Sunday, 30 August 2015

April 8, 2015. Welland Canal

CWB Marquis upbound above Lock 1, Welland Canal, Ontario, Canada.

Vigilant I down below Lock 2, Welland canal.
Kom upbound above Lock 1, Welland Canal, Ontario, Canada.

Kom upbound above Lock 1, Welland Canal, Ontario, Canada.

Purha upbound above Lock 1, Welland Canal, Ontario, Canada.

April 2015. Along the Welland Canal.

 Canadian Enterprise in the dry dock in Port Weller.

Saturday, 29 August 2015

April 6, 2015. Welland Canal

CCGS Martha L Black came up from Quebec to assist with the spring break-out on the Upper Lakes.
View of the complicated lifting gear on the 1100 Class ships.

SP (self-propelled) Barge astern of lifeboat.  These barges are used for many things, including working in shallow water where the ship can't go.  Aft of the barge is the helicopter hanger, a fixture on a great many Canadian Coast Guard ships.

Peter Cresswell above Lock 1, unbound.

On the way to Lock 2.

Then I mounted my trusty steed and rode up the hill to catch the Black coming out of the flight locks...

... and in Lock 7...

... and on the way to Lock 8.

Wonderful way to rig a fender for the locks and walls.  Adjustable both vertically & horizontally and secured in 3 places to minimize the chances of it getting carried away.

Thursday, 27 August 2015

April 4, 2015. Welland Canal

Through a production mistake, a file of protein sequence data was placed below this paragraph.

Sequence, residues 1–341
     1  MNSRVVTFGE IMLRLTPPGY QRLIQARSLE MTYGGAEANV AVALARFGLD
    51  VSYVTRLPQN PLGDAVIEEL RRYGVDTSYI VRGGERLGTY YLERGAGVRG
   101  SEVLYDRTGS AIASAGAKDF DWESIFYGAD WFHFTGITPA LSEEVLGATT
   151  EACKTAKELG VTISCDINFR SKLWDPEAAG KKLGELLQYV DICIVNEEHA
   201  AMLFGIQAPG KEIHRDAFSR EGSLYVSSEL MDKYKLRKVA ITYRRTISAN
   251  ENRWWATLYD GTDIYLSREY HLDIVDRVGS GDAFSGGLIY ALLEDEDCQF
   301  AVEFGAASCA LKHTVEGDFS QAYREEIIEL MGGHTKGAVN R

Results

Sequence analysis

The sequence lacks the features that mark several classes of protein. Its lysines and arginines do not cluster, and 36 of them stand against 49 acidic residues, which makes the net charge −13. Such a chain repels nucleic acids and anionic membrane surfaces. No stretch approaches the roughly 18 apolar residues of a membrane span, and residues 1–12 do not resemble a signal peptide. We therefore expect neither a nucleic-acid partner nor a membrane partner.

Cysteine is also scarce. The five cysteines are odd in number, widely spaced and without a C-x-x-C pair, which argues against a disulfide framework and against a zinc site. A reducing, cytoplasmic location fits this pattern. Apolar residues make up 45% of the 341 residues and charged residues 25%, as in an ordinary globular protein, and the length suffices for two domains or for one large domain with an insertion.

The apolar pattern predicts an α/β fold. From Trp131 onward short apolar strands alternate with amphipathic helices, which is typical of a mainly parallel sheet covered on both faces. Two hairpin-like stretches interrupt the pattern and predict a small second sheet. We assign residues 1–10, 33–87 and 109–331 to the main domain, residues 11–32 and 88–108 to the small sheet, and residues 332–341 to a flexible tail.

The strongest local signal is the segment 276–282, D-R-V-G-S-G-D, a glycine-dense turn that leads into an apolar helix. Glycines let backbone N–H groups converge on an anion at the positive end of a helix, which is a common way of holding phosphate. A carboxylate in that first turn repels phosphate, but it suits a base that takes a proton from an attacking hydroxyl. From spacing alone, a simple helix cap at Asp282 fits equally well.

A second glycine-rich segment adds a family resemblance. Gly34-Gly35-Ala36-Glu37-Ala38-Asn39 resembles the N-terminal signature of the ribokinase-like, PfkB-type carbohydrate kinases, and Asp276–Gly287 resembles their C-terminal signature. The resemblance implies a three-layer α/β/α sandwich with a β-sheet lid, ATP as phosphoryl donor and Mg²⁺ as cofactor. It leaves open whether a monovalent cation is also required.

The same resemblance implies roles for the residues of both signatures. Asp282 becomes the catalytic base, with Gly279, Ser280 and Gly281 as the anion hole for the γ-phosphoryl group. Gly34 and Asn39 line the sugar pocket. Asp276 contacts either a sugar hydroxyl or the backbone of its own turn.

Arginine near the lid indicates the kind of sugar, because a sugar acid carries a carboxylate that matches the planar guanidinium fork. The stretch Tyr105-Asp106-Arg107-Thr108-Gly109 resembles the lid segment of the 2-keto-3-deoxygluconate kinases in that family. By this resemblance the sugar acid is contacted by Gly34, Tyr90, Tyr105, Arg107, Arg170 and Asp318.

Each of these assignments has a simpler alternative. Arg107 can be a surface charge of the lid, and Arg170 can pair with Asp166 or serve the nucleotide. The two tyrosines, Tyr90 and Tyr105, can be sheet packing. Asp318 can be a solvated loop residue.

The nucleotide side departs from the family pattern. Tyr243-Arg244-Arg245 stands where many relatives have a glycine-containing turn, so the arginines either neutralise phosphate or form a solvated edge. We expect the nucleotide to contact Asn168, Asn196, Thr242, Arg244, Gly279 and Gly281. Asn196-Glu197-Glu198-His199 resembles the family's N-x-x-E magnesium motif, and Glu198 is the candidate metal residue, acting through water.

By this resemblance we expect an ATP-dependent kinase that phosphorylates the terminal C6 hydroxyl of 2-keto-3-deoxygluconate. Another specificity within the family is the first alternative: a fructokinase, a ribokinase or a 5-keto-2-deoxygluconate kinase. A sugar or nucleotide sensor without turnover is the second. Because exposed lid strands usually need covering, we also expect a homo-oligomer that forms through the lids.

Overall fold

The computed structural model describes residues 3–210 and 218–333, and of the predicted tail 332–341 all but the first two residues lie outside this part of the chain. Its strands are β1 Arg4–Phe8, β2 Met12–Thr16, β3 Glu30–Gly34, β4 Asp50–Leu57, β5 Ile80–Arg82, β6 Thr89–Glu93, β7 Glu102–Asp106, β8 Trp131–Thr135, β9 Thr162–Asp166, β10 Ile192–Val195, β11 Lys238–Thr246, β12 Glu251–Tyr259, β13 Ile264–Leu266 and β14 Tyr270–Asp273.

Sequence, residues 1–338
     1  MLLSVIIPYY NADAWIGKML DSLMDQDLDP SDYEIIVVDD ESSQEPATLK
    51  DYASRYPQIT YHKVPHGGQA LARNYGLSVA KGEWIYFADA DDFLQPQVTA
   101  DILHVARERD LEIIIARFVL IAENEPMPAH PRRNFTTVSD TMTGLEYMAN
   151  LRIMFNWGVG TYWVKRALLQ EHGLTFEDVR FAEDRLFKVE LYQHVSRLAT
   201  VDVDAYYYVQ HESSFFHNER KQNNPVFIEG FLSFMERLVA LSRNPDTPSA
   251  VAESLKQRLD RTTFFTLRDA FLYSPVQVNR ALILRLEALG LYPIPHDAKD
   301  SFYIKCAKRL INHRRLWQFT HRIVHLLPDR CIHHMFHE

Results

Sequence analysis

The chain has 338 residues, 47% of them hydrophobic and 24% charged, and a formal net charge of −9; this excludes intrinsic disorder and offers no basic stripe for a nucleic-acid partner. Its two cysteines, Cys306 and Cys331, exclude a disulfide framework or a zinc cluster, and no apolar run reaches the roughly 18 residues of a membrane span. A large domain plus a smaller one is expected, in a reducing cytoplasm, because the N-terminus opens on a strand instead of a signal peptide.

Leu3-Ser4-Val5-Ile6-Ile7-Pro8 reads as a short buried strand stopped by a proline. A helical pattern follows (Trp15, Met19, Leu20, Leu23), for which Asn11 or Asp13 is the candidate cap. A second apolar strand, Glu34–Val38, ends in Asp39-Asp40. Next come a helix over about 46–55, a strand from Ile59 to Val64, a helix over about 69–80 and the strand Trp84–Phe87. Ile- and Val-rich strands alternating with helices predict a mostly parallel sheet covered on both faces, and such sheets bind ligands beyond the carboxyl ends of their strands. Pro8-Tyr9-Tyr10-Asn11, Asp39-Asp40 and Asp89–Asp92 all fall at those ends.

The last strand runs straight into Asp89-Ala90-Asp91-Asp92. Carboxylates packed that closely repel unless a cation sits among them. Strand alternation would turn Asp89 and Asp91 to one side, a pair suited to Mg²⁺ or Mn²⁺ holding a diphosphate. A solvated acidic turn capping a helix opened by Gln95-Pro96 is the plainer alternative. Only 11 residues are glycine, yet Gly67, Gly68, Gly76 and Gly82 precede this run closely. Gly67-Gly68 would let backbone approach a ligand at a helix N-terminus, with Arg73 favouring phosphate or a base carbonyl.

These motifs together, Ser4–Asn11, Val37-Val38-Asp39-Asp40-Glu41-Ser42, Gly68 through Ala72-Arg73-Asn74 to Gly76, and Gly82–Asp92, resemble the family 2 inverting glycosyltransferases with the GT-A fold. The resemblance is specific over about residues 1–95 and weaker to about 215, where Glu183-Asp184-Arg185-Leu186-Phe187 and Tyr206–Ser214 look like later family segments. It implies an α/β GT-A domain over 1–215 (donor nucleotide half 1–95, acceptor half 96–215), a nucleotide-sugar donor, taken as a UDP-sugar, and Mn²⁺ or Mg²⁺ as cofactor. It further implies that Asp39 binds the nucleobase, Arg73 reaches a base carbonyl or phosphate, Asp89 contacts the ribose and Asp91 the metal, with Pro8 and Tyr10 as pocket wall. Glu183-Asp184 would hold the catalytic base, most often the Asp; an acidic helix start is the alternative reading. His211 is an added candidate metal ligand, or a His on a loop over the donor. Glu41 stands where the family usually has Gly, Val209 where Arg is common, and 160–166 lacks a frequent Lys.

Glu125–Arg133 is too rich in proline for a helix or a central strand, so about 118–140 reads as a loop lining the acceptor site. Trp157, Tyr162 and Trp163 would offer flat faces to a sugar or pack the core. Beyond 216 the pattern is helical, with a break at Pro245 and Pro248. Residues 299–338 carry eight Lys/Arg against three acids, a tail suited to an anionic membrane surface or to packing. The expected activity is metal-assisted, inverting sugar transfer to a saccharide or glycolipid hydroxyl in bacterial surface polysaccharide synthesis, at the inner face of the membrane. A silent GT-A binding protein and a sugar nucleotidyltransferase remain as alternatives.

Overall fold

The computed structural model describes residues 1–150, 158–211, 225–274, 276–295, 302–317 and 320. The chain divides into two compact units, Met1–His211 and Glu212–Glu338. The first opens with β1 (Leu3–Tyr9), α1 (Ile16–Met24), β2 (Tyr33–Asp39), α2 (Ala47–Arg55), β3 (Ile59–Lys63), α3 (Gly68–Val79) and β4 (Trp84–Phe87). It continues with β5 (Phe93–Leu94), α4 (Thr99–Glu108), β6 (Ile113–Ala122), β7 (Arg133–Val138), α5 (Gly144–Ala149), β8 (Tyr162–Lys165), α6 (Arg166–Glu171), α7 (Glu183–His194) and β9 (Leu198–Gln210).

Early in the 2015 season the Algoma Enterprise was helped out of the dry dock in Port Weller, on the Welland Canal, by the tugs Vigilant 1 & Lac Manitoba.  Above, crew being lowered to the approach wall above Lock 1 to secure the ship.  
 Vigilant 1 waiting for orders after assisting the Algoma Enterprise.
 Enterprise upbound toward Lock 2, Welland Canal.  Her first trip of the season.

 Algoma Navigator slides the wall on her approach to Lock 3.
 Algoma Transport also unbound above Lock 1.

 Pilot boat J W Cooper above Lock 1 heading for Port Colborne on Lake Erie for a new season.

Wednesday, 26 August 2015

August 26, 2015. Recent Photos from the High Arctic

These photos are courtesy of Brad Durnford.  They are provided to allow families of those on board the two icebreakers to see a bit of what is happening with their loved ones.  Despite modern communications satellite costs mean photo sizes and quantity are limited.
Above:   Helicopter from CCGS Louis S St Laurent skims the ice.
CCGS Terry Fox at about 89 degrees North latitude.  That's only 60 nautical miles from the North Pole.  The Fox was built in 1983 by Burrard Yarrows Corp in Vancouver, BC.  Terry Fox and her sister ship, Arctic Kalvik, supported Gulf Canada's operations in the Beaufort Sea during the 1980s.  Not limited to escorting tankers through ice these multipurpose ships were designed to act as heavy tugs and supply ships to support offshore oil rig platforms in a very hostile environment.
 Both Canadian icebreakers working together to progress through the heavy ice.
Looking aft from the bridge of the Fox.
CCGS Terry Fox was named after the late cancer research activist Terry Fox of British Columbia.  For more about his attempt to run across Canada with an artificial leg please visit this site: